Announcing the Coursera Data Management and Sharing MOOC – Opening March 1st

The School of Information and Library Science and the Odum Institute at the University of North Carolina-Chapel Hill and the MANTRA team at the University of Edinburgh are pleased to announce the forthcoming Coursera MOOC (Massive Open Online Course), Research Data Management and Sharing.

This is a collaboration of the UNC-CH CRADLE team (Curating Research Assets and Data Using Lifecycle Education) and MANTRA.

CRADLE has been funded in part by the Institute of Museum and Library Services to develop training for both researchers and library professionals. MANTRA was designed as a prime resource for postgraduate training in research data management skills and is used by learners worldwide.

The MOOC uses the Coursera on-demand format to provide short, video-based lessons and assessments across a five-week period, but learners can proceed at their own pace. Although no formal credit is assigned for the MOOC, Statements of Accomplishment will be available to any learner who completes a course for a small fee.

The Research Data Management and Sharing MOOC will launch 1st March, 2016. Subjects covered in the 5-week course follow the stages of any research project. They are:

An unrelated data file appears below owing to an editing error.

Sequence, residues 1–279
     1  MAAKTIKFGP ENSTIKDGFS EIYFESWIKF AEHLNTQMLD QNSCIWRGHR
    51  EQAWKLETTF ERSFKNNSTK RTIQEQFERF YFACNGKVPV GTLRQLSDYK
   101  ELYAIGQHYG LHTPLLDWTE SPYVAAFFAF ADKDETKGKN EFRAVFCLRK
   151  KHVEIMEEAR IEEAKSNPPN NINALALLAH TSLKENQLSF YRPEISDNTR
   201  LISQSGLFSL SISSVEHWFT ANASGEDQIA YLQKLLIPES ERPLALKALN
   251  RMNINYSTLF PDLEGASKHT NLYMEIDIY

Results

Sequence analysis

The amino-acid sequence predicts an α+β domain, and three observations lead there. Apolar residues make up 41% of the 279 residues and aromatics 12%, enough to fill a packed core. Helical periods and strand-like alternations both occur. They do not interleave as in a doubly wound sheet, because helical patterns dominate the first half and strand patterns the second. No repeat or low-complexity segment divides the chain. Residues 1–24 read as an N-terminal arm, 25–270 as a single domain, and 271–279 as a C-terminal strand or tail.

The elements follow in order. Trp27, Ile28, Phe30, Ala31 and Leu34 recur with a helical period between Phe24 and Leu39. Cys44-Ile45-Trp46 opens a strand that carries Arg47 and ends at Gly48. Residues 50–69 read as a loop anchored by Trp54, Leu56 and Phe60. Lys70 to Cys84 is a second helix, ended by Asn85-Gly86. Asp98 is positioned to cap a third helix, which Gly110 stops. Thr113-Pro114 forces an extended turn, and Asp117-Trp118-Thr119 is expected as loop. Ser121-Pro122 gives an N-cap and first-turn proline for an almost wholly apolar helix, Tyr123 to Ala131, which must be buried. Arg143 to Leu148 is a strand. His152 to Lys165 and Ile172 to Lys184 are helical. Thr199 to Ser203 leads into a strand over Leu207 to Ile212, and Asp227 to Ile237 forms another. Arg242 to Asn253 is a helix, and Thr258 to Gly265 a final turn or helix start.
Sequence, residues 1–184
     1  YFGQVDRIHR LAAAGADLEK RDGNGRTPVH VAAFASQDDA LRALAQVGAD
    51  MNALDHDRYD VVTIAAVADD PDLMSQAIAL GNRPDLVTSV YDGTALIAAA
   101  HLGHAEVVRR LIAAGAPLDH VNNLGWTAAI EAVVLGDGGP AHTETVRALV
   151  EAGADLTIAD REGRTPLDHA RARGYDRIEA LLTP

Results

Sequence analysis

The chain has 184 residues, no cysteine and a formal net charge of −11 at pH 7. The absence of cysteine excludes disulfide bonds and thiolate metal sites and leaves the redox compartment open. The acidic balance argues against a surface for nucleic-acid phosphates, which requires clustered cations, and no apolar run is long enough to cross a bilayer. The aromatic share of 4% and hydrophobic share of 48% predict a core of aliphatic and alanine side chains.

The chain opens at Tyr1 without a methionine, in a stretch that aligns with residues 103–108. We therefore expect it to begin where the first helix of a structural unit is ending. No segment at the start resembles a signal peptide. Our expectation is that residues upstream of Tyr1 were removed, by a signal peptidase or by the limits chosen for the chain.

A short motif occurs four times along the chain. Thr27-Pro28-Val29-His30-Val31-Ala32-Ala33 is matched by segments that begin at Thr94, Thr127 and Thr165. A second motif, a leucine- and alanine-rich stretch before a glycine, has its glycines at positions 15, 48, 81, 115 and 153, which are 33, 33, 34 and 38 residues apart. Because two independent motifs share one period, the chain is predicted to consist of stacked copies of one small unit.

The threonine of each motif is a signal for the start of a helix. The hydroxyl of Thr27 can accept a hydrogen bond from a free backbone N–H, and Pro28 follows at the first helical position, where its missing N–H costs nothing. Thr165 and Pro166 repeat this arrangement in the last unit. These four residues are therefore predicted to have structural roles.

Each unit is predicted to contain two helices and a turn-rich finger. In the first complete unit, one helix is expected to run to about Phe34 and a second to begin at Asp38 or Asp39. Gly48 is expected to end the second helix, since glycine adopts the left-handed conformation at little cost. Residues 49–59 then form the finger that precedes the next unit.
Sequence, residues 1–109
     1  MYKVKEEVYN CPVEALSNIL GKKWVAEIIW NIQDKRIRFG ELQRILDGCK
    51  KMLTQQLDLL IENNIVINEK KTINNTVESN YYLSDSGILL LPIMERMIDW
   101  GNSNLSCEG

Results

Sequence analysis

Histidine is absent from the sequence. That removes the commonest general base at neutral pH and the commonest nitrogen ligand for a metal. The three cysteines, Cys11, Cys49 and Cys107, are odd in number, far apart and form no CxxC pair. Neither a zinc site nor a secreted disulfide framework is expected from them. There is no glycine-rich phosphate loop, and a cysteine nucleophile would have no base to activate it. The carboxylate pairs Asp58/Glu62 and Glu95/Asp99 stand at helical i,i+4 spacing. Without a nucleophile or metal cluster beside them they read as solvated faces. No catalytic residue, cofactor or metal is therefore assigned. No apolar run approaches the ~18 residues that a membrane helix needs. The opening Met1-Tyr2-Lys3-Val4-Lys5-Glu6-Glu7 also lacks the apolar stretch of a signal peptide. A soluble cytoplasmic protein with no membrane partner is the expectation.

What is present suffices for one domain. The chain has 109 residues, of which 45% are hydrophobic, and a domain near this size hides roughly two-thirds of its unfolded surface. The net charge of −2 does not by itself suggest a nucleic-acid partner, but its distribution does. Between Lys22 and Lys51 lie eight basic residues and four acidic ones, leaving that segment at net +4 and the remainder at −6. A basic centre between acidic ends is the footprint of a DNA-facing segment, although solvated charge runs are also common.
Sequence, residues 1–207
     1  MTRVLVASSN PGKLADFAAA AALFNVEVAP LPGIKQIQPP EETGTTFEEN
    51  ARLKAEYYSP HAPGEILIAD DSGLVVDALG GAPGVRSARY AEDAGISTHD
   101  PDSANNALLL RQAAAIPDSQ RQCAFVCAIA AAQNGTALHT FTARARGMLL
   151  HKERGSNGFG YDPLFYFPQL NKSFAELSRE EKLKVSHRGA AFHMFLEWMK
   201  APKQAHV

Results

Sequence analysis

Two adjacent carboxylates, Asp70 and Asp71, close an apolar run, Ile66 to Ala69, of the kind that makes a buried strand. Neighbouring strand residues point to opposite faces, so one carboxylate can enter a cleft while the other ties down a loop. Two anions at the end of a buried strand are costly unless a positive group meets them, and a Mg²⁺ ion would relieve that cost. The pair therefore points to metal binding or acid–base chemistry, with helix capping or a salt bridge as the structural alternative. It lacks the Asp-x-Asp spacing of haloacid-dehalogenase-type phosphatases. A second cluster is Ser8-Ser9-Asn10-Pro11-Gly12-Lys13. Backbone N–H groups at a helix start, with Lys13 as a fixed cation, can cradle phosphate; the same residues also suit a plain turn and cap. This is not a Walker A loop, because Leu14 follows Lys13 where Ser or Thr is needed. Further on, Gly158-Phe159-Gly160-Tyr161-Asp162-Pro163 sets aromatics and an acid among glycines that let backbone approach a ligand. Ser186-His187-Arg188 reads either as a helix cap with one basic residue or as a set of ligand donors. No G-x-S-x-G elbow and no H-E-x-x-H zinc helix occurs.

• Understanding Research Data
  • Data Management Planning
  • Working with Data
  • Sharing Data
  • Archiving Data

Dr. Helen Tibbo from the School of Information and Library Science (SILS) at the University of North Carolina at Chapel Hill delivers four of the five sets of lessons, and Sarah Jones, Digital Curation Centre, delivers the University of Edinburgh-developed content in Week 3, Working with Data. Quizzes and supplementary videos add to the learning experience, and assignments are peer reviewed by fellow learners, with questions and answers handled by peers and team teachers in the forum.

Staff from both organizations will monitor the learning forums and the peer-reviewed assignments to make sure learners are on the right track, and to watch for adjustments needed in course content.

The course is open to enrolment now, and will ‘go live’ on 1st March.